For most of us, 2020 has been the most eventful year of our lives. Many have been waiting for 2021 to come since June.
To ensure your 2021 has some bright spots, I’ve put together a list of ten books you should find the time to enjoy in 2021:
To Kill a Mockingbird by Harper Lee: A Pulitzer Prize winner that used to be taught in every school, To Kill a Mockingbird delivers a great thriller that touches on many real life issues. For anyone looking to read a fictional story with real life lessons, this is the one for you.
Animal Farm by George Orwell: This one is an allegory about a group of farm animals who reject their lives of working for the farmer and decide to create a society centered around equality for all. Orwell provides a fantastic critique of the Soviet Union and the communism that came with it.
Empire of the Sun Moon by S.C. Gwynne: This is a world class portrayal of the rise and fall of the Comanches. S.C. Gwynne sheds light on a part of U.S. History that is not talked about enough. For those who want a detailed insight of who the Comanche really were, Empire of the Sun Moon is the book for you.
Harry Potter and the Sorcerer’s Stone by J.K. Rowling: Maybe the most known series of all time, the Harry Potter series has exploded since the first book in the series was published in 1997. For those looking for an escape from reality, you should try finding solace in Hogwart’s halls.
1984 by George Orwell: It’s George Orwell’s second time appearing on this list, but he was a man with important things to say. If you are looking for a warning about what the continued expansion of the United States government could bring about, look no further than 1984.
The Art of Intelligence by Henry Crumpton: Henry Crumptongives an insight into what our national intelligence agencies actually do. Crumpton worked as an intelligence officer in some of this country’s largest conflicts, including personally leading the charge into Afghanistan directly after 9/11. For those who have always wanted a glimpse into the life of a CIA agent, this is (likely) as close as you will get.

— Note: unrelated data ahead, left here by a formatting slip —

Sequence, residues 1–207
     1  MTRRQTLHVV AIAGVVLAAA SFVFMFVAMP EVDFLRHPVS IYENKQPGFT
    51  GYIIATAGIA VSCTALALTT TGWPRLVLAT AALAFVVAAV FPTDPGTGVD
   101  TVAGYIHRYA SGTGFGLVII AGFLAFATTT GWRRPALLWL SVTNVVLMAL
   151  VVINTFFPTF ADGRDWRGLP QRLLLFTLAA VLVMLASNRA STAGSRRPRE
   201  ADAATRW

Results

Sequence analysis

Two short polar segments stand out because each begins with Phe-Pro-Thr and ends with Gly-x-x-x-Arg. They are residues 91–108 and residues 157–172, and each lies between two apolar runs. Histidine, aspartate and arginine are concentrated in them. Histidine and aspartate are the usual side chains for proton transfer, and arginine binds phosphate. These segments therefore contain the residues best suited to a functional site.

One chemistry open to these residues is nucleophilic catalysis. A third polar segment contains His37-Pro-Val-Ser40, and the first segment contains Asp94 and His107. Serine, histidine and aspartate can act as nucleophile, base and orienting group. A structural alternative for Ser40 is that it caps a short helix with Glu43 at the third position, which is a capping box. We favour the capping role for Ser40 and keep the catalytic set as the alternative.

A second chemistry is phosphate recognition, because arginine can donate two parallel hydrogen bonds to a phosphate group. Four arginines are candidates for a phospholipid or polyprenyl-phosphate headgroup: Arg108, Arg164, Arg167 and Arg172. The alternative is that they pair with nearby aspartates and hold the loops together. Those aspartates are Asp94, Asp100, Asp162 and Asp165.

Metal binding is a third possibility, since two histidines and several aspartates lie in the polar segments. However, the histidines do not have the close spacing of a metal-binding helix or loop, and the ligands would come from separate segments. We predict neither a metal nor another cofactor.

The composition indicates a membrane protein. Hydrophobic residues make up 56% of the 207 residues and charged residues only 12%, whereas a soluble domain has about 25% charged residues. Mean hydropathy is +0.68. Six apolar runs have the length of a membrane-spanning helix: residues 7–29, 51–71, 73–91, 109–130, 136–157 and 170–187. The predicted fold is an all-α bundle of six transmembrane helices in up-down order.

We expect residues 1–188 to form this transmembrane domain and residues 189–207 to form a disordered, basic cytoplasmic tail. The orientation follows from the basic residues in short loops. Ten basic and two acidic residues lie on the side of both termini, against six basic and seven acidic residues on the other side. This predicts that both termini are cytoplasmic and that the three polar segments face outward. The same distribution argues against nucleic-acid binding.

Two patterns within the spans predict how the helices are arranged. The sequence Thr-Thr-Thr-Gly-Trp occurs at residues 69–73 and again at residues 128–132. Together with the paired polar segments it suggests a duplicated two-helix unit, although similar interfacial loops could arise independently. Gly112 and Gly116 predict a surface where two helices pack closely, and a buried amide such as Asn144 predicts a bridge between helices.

Extreme Ownership by Jocko Willink: Leadership is something the U.S.A deeply needs right now. Jocko Willink gives a great lesson on how true leaders take ownership of their situations, and how one can incorporate extreme ownership onto their own life.
The Parasitic Mind by Dr. Gad Saad: Dr. Saad in his newest book dives into the death of rational debate and common sense. For those worried about the future of freedom of speech and thought, Dr. Saad gives advice on how to avoid this and what will happen if precautions are not taken.
The U.S. Constitution by James Madison and the Founding Fathers: A lot of people are debating things such as gun control, higher taxes, Medicare for all, and lockdowns enforced by police. Before anyone decides to hop on Twitter and give the world their two cents, they should take the time to pick up their pocket Constitution and review the series of rights that shall never be infringed upon by the government. One of the best ways to improve your ideas in 2021 is to take a look at the ideals that made America the greatest country to ever exist.
The Holy Bible: The question of whether God exists is either the most important question to ever exist if you come to the conclusion that the answer is yes—or it is of absolutely no importance if you come to the conclusion that the answer is no. Each person should take the time to open up their Bible, investigate, and answer this question for themselves.
The views expressed in this article are the opinion of the author and do not necessarily reflect those of Lone Conservative staff.